history of the American Eskimo Dog

The American Eskimo Dog nicknamed “Eskie”, belongs to the “Spitz” group,one of the most ancient of dog breeds. In 500BC depicted on Greek vases’ were drawings of the Spitz. In Eurasian times (800-100BC) documentation was found on the Spitz breed. They are descendants of the White German Spitz dogs. This breed lived in the late stone age (approximately 3000BC), and were called “the dog of the lake settlement”, or the “Peat Bog dog”. Both names refer to locations where the skeletal remains were discovered. Dogs of this type were found in Germany, as well as Central European nations, and the Scandinavian countries.

Many White Spitz have been depicted on artifacts crafted by the ancient Egyptians, Greeks and Romans. In 1400-1600's documentation appeared in Greek and Roman text. In the 1450's the first documented recording of the term “Spitz” (meaning “Sharp Point”) was made by Count Ederhard Zu Sayne. Early fiction writers from this period noted the “Spitz” as valiant defender of the home. There are statues in Stuttgart and Bochum, Germany which honor those vigilant guardians of the fields. Thomas Gainsborough(1728-1788) depicted the White Spitz dog in several paintings, most notably “The White Dog”, “The Morning Walk”, and “Mrs. Robinson”

Color and size changes began in England with the influence of Queen Charlotte. With the ascent to the throne of Queen Victoria, the breed would be changed forever. The forerunner of the toy breed “Pomeranian” we know today would begin to emerge.

The German Spitz dog came to the United States before the turn of the century by way of immigrants from Europe, and German settlers. The first German immigrants arrived in America in the 1600's. Today in their homeland they are still known as German Spitz, but as the breed traveled to other countries, it was given it’s own “special” name and Breed Standards. No one can pinpoint exactly when the breed arrived in America, but it is speculated to be in the late 1600's.

The United Kennel Club began registering the American Eskimo in 1913. The pre- World War I political climate was very tense and may well have contributed to the name change of the White German Spitz in the United States to “American Eskimo”. In 1985 the American Eskimo Dog of America was formed for the purpose of American Kennel Club recognition for the breed. The American Eskimo Dog was fully recognized by the American Kennel Club, July 1, 1995.

Watch dog duties were one of the earliest characteristics to develop in the Spitz breed. Guardians for human settlements, they alerted their owners to the presence of wild animals and other intruders. They were commonly seen as watchdogs on German farms and were specifically bred to guard the farmers family and property. Eskies were also used as guardian dogs in America. By his nature, he is an instinctive and territorial watchdog. The American Eskimo bonds closely with his family and considers them his property. Therefore he does not go readily to strangers and is initially mistrustful of them. A proud, energetic and lovable breed, the American Eskimo is devoted and loyal to his family.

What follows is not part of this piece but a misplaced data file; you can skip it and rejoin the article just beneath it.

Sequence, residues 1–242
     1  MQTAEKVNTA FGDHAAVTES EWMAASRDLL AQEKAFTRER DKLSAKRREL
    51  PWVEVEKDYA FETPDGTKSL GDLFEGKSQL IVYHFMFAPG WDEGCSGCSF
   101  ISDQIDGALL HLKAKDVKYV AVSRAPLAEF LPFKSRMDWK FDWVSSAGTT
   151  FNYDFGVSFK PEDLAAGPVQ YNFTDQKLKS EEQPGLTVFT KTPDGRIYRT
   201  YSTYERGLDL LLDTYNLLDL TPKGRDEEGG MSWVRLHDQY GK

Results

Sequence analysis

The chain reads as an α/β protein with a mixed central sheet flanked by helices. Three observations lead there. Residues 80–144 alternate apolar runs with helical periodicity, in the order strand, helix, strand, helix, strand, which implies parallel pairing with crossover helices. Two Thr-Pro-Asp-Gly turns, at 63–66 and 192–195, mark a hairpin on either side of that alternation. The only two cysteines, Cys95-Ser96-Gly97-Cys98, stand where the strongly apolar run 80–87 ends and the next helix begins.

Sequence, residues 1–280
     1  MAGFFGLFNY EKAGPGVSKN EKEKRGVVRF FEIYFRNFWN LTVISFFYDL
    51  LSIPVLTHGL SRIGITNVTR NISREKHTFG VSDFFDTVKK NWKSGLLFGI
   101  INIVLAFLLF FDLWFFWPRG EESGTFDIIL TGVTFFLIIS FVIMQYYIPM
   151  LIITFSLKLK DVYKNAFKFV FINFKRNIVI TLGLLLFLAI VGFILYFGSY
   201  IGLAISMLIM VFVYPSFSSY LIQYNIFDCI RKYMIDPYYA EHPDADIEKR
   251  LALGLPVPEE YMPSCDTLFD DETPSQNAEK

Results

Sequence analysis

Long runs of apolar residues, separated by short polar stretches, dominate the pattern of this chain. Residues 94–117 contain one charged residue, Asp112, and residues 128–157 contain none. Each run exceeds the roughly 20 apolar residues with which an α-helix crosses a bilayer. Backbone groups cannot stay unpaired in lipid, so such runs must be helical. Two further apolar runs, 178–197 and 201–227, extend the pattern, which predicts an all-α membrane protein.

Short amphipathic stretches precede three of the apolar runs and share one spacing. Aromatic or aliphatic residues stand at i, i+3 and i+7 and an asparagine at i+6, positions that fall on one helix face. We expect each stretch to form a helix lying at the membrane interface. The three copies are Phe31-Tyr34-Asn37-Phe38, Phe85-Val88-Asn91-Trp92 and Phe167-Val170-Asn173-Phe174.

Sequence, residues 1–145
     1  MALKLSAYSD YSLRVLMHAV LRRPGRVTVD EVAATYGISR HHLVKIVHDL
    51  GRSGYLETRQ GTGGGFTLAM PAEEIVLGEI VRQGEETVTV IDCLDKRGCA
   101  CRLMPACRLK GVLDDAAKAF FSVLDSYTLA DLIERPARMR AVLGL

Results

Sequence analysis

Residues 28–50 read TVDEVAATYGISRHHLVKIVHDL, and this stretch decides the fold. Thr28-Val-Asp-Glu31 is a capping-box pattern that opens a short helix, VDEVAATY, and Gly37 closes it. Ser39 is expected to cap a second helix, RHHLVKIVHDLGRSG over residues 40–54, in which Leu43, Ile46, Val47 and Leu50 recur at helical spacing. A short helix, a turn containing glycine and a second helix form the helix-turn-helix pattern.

He lives to please and protect them. Because of his superior intelligence, the breed was used widely in Circuses and Rodeos. (They were also used in Circuses in Germany.) Most notable among these was Barnum and Bailey Circus, whose troupe of “Eskie” performers delighted audiences across the country. This keen intellect has enabled this hardy breed to excel in Obedience. Having a sensitive and affectionate nature, the “Eskie” has an uncanny ability to understand people and human tone, thereby adapting himself to the various personalities of the household. He is a lovable and friendly dog in their presence. Evolving from a foundation stock of dogs who ate and slept close to their masters he must become a member of your family. He cannot be ignored nd left to his own devises. He is eager to please and wants approval. The American Eskimo is a medium to small size dog. It’s thick, snow white coat, beautiful mane, happy, smiling face, striking black points, erect ears and plume tail commands instant attention. His gait is bouncy and proud. Known as the “Dog Beautiful”, his expression is alert, eager, and lively.

Used with the permission of Nancy J. Hofman ©1994